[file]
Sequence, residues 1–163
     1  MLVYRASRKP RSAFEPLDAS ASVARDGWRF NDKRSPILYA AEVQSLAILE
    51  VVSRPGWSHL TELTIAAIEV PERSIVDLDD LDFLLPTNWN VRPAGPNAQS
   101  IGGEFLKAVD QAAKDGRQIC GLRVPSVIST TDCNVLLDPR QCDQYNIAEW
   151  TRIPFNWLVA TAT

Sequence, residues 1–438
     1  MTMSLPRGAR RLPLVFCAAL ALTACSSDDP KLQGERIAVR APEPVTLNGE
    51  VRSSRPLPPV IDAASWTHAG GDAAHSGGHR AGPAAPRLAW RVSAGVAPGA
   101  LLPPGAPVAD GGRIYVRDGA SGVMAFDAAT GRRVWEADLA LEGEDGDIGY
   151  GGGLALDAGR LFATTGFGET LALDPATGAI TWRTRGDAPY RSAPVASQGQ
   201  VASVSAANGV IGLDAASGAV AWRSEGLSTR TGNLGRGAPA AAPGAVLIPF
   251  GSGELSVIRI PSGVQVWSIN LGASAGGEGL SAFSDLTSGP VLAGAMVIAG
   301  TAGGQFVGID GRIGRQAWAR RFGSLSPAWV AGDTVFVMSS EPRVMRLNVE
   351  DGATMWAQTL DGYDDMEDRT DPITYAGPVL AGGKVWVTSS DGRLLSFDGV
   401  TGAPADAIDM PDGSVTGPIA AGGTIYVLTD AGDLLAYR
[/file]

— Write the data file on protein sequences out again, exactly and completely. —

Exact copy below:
Sequence, residues 1–163
     1  MLVYRASRKP RSAFEPLDAS ASVARDGWRF NDKRSPILYA AEVQSLAILE
    51  VVSRPGWSHL TELTIAAIEV PERSIVDLDD LDFLLPTNWN VRPAGPNAQS
   101  IGGEFLKAVD QAAKDGRQIC GLRVPSVIST TDCNVLLDPR QCDQYNIAEW
   151  TRIPFNWLVA TAT

Sequence, residues 1–438
     1  MTMSLPRGAR RLPLVFCAAL ALTACSSDDP KLQGERIAVR APEPVTLNGE
    51  VRSSRPLPPV IDAASWTHAG GDAAHSGGHR AGPAAPRLAW RVSAGVAPGA
   101  LLPPGAPVAD GGRIYVRDGA SGVMAFDAAT GRRVWEADLA LEGEDGDIGY
   151  GGGLALDAGR LFATTGFGET LALDPATGAI TWRTRGDAPY RSAPVASQGQ
   201  VASVSAANGV IGLDAASGAV AWRSEGLSTR TGNLGRGAPA AAPGAVLIPF
   251  GSGELSVIRI PSGVQVWSIN LGASAGGEGL SAFSDLTSGP VLAGAMVIAG
   301  TAGGQFVGID GRIGRQAWAR RFGSLSPAWV AGDTVFVMSS EPRVMRLNVE
   351  DGATMWAQTL DGYDDMEDRT DPITYAGPVL AGGKVWVTSS DGRLLSFDGV
   401  TGAPADAIDM PDGSVTGPIA AGGTIYVLTD AGDLLAYR